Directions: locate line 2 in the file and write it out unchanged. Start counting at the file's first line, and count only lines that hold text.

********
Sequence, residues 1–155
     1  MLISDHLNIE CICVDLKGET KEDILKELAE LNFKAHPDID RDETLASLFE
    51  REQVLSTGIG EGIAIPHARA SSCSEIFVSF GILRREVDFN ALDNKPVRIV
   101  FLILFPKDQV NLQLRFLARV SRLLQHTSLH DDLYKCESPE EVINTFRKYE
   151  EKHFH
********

     1  MLISDHLNIE CICVDLKGET KEDILKELAE LNFKAHPDID RDETLASLFE